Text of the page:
I was doing some thermodynamic calculations and I found the need for a multivariable analogue of the triple product rule. Basically I had a set of $m$ functions $z_i(y, x_1, x_2, \ldots, x_m)$, and I needed to calculate partial derivatives of changes in $x$ resulting from a change in $y$ where all $z_i$ values are simultaneously held constant, i.e., I want to calculate:

$$ \left(\frac{\partial x_1}{\partial y}\right)_{z_1, z_2, \ldots, z_m}, \ldots, \left(\frac{\partial x_m}{\partial y}\right)_{z_1, z_2, \ldots, z_m} . $$

As a reminder, the regular triple product rule would tell us the following, which unfortunately is not helpful in the multivariable case:

$$ \left(\frac{\partial x}{\partial y}\right)_{z} = - \frac{\left(\frac{\partial z}{\partial y}\right)_{x}}{\left(\frac{\partial z}{\partial x}\right)_{y}} \qquad \qquad \text{when $m=1$}. $$

To compactify, let's use linear algebra notation and write our problem as us knowing $\mathbf z (y, \mathbf x)$, and wanting to find:

$$ \left(\frac{\partial \mathbf x}{\partial y}\right)_{\mathbf z} = ~ ??? $$

I believe I have the answer to this (which I will post as an Answer), but I am unsure as I cannot find it in standard places. This raises a follow-up question for me, which is whether this has a name?


I came across the need for the above rule when trying to work out heat capacity in the grand canonical ensemble, in the case of a multi-component system (multiple chemical potentials $\mu_1, \ldots, \mu_m$ and multiple particle counts $N_1, \ldots, N_m$). In this ensemble our natural variables are temperature $T$ and $\boldsymbol \mu$, but heat capacity is a constant-$\mathbf N$ derivative. We have:

\begin{align} C_V & = T \left(\frac{\partial S}{\partial T}\right)_{V, \mathbf N} \\ & = T \left(\frac{\partial S}{\partial T}\right)_{V, \boldsymbol \mu} + T { \left(\frac{\partial S}{\partial \boldsymbol \mu}\right)_{V, T} }^T \left(\frac{\partial \boldsymbol \mu}{\partial T}\right)_{V, \mathbf N} \qquad \text {(using regular multidimensional chain rule)} \end{align}

So the question is then how to get $ \left(\frac{\partial \boldsymbol \mu}{\partial T}\right)_{V, \mathbf N} $, i.e., here $\mathbf x = \boldsymbol \mu$ and $\mathbf z = \mathbf N $. Besides grand canonical ensemble, similar examples would appear if we are considering ensembles involving vectorial quantities, such as magnetization or angular momentum.


1 Answer 1


Essentially we are asking, when $y$ changes, what movement in $\mathbf x$ is needed to ensure that $\mathbf z$ stays constant. We have this exact differential for changes in $\mathbf z$:

$$\mathrm d\mathbf z = \mathbf J \, \mathrm d\mathbf x+ \left(\frac{\partial \mathbf z}{\partial y}\right)_{\mathbf x} \, \mathrm dy $$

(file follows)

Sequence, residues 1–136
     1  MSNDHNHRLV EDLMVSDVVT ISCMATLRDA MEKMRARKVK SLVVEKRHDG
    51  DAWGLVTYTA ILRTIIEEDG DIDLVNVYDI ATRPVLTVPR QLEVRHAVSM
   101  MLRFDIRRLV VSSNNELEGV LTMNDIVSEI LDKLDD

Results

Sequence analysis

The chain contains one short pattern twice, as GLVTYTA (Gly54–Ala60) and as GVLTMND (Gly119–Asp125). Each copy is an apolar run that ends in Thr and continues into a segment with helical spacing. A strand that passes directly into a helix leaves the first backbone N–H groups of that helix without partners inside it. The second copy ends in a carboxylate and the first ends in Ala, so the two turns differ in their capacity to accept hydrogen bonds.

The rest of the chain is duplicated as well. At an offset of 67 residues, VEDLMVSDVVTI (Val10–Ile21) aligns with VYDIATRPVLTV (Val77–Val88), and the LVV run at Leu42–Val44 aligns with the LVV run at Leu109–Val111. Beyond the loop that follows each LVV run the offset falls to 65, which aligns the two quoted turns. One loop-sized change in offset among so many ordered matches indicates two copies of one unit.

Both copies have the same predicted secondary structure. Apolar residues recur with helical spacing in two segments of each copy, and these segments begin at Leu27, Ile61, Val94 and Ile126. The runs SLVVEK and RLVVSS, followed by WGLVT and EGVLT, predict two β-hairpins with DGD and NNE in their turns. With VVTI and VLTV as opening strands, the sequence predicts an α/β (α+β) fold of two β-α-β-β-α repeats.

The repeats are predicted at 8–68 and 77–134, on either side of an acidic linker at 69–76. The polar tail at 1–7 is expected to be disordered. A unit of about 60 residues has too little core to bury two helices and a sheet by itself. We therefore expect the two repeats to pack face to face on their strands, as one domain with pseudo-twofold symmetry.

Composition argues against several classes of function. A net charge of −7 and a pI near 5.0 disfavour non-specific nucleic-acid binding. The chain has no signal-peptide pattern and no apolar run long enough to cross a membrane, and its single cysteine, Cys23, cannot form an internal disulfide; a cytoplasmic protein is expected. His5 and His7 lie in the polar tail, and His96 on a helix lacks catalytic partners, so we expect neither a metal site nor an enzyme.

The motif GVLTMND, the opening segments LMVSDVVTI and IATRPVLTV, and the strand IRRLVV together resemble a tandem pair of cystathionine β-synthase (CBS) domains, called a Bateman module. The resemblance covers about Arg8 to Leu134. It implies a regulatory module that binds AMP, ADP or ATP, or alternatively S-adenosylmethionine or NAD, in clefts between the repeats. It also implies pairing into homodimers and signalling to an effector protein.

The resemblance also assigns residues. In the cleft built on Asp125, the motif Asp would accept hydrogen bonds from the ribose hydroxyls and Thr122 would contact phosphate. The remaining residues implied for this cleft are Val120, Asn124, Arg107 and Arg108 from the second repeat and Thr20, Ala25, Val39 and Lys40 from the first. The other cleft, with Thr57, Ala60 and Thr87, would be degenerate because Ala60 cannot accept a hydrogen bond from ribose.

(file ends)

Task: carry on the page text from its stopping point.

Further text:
where $\mathbf J$ is a Jacobian-like matrix, with elements given by:

$$ J_{ij} = \left(\frac{\partial z_i}{\partial x_j}\right)_{y,x_1,\ldots,x_n \text{ excluding } x_i}. $$

Now just set $\mathrm d \mathbf z = 0$, and isolate $\mathrm d\mathbf x/\mathrm d y$ to get the answer:

$$ \left(\frac{\partial \mathbf x}{\partial y}\right)_{\mathbf z} = - \mathbf J ^{-1} \left(\frac{\partial \mathbf z}{\partial y}\right)_{\mathbf x}. $$

Alternatively, we might write this as:

$$ \left(\frac{\partial \mathbf x}{\partial y}\right)_{\mathbf z} = - [(\boldsymbol \nabla_{\mathbf x} \mathbf z)_y] ^{-1} \left(\frac{\partial \mathbf z}{\partial y}\right)_{\mathbf x}. $$

So for my heat capacity example, we get:

$$ C_V = T \left(\frac{\partial S}{\partial T}\right)_{V, \boldsymbol \mu} + T { \left(\frac{\partial S}{\partial \boldsymbol \mu}\right)_{V, T} }^T \left[ (\nabla_{\boldsymbol \mu}\mathbf N)_{V, T} \right]^{-1} \left(\frac{\partial \mathbf N}{\partial T}\right)_{V, \boldsymbol \mu} . $$

What's interesting is that the matrix $(\nabla_{\boldsymbol \mu}\mathbf N)_{V, T} $ is actually the covariance matrix of particle numbers, multiplied by $kT$. The same matrix also shows up when we try to calculate isothermal compressibility $\beta_T$, where $1/\beta_T = V (\partial p / \partial V)_{T, \boldsymbol N}$ -- here it is slightly less of a surprise since it's know that particle number fluctuations are exactly related to compressibility, but it's interesting that the inverse of the covariance matrix (i.e., the precision matrix) is what appears in these calculations.

  • $\begingroup$ What do the subscripts here mean? As in what is the difference between $\left( \frac{\partial z}{\partial y} \right)_x $ and just the usual $\frac{\partial z}{\partial y} $. If we assume $z$ is a differentiable function of $x$ and $y$ $\endgroup$ Commented Jan 10, 2021 at 6:02
  • $\begingroup$ This is thermodynamicist's partial derivatives notation, where the subscripts refer to quantities held constant. $\endgroup$
    – Nanite
    Commented Jan 10, 2021 at 6:08

Your Answer

By clicking “Post Your Answer”, you agree to our terms of service and acknowledge you have read our privacy policy.

Not the answer you're looking for? Browse other questions tagged or ask your own question.